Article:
USCA Solar Deployment Guidebook: A Resource for State and Local Governments
December 2018 - 1.40MB PDF
To assist states and localities in accelerating solar adoption, The U.S. Climate Alliance (USCA) partnered with the National Association of State Energy Officials (NASEO) to elevate crucial strategies and tools for state and local governments to reduce the non-hardware costs of solar development. This Guidebook was written for state and local governments to identify gaps and opportunities for innovation in local solar market design; provide sample local policy and program frameworks, applications, and language; include local solar policy decision making considerations and planning scenarios; and point states and localities to additional state, federal, and private resources.
Here Comes the Sun: A State Policy Handbook for Distributed Solar Energy
July 2017 - 1.62MB PDF
Author(s): NASEO, NCSL
This report on solar energy production provides energy officials, state legislators, governors and commissioners, as well as other interested parties the tools to understand the distributed solar market in their states, assess their state’s policies and regulations, and determine a path forward.
NASEO Best Practices Review: Streamlined Renewable Energy Permitting Initiatives
November 2013 - 1.04MB PDF
Eager to take advantage of the growing potential of renewable energy, State Energy Offices are exploring innovative ways to reduce the soft costs associated with renewable—solar, wind, geothermal, hydro— projects. Complicated permitting processes are a major contributor to these costs, often adding weeks, months, or even years to a project development timeline; costly delays that ultimately drive up the price per kilowatt. In order to maximize the potential for abating the soft costs associated with renewable energy permitting processes, NASEO identified three best-practice streamlined renewable energy permitting initiatives in Colorado, Hawaii, and Vermont, to provide a reference for other states.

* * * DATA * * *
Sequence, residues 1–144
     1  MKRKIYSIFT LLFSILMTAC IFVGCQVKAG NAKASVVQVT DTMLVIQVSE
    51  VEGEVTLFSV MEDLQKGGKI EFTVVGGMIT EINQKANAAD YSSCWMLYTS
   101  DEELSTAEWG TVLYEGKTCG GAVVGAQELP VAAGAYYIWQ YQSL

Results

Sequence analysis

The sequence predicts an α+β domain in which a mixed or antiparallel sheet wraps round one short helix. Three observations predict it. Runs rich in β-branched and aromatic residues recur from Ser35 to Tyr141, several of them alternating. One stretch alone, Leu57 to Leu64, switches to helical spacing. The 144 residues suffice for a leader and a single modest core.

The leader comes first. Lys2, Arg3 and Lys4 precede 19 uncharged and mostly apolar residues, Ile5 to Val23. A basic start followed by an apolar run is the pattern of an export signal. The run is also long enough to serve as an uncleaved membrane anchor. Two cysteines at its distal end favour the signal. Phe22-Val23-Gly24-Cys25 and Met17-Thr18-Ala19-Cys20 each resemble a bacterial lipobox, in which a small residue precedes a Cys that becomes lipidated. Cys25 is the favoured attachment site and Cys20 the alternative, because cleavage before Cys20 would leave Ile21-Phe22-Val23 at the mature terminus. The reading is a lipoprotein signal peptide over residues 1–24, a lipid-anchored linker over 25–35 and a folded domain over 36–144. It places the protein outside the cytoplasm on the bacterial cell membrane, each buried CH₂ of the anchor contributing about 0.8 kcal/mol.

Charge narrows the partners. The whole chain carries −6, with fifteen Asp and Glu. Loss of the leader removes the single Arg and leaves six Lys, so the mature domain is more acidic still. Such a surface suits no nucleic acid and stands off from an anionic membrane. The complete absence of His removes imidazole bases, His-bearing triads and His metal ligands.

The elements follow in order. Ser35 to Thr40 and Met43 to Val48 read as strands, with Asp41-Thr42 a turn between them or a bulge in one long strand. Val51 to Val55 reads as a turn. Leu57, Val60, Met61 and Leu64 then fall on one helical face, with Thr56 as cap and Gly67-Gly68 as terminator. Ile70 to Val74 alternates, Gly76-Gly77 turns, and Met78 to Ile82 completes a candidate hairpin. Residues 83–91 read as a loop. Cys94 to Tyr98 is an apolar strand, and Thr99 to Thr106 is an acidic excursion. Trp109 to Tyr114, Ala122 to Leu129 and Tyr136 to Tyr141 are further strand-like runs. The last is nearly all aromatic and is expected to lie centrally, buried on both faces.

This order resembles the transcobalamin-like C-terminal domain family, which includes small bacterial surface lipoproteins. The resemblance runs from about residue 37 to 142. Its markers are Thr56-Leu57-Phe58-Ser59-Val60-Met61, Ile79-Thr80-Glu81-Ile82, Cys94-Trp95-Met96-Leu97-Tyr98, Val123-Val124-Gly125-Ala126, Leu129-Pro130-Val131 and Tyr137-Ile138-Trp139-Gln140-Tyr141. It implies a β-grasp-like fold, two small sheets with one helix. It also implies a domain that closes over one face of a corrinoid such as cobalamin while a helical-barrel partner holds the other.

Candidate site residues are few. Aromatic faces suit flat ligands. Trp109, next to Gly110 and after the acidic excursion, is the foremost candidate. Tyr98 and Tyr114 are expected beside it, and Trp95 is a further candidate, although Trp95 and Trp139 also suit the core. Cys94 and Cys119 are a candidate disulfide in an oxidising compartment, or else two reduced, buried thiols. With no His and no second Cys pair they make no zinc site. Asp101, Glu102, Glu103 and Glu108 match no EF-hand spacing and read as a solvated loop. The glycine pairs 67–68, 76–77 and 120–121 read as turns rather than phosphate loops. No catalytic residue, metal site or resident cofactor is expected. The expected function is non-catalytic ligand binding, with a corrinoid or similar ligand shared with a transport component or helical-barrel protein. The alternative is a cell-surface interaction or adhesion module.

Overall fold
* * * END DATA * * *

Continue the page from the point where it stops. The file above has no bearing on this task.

NASEO Case Study - New York Battery and Energy Storage Technology Consortium
Accelerating New York’s Energy Storage and Technology Transfer Markets
October 2013 - 0.46MB PDF
As of 2012, the State of New York’s energy storage industry employs approximately 3,000 workers and is responsible for over $600 million in annual global sales.1 New York represents an ideal market for further advancing energy storage. The state is home to the largest metropolitan area in the country served by an enormous and aging underground electricity infrastructure and the largest mass transit system in North America (with more than 6,300 subway cars, 2,300 railcars, and nearly 6,000 buses), both presenting great opportunities for energy storage. The electric power delivery system in New York also includes significant upstate generating capacity serving downstate load which can create transmission constraints, making energy storage one solution to this challenge.
Combined Heat and Power: A Resource Guide for State Energy Officials
February 2013 - 0.55MB PDF
Author(s): NASEO: Julia Friedman, Program Manager & Garth Otto, Project Manager
Numerous policy and market drivers have brought renewed attention to combined heat and power (CHP), an approach to generating electric power and useful thermal energy from a single fuel source. This publication provides a technology and market overview of CHP and ways to support it through planning, policy, regulation, funding, and financing.